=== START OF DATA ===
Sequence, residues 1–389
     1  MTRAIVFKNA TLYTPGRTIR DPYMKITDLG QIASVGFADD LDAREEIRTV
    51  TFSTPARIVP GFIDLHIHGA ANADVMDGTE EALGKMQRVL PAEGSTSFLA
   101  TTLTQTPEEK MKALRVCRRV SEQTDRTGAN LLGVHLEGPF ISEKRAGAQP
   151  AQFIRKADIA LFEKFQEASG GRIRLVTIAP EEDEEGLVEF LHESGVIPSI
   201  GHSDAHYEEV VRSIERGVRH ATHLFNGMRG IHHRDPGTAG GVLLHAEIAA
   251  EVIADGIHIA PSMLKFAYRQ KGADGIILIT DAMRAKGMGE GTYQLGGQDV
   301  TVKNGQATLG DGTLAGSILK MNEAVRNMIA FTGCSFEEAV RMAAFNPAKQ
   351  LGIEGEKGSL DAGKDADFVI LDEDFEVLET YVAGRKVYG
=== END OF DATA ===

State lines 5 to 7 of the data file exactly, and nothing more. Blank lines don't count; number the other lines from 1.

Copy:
   151  AQFIRKADIA LFEKFQEASG GRIRLVTIAP EEDEEGLVEF LHESGVIPSI
   201  GHSDAHYEEV VRSIERGVRH ATHLFNGMRG IHHRDPGTAG GVLLHAEIAA
   251  EVIADGIHIA PSMLKFAYRQ KGADGIILIT DAMRAKGMGE GTYQLGGQDV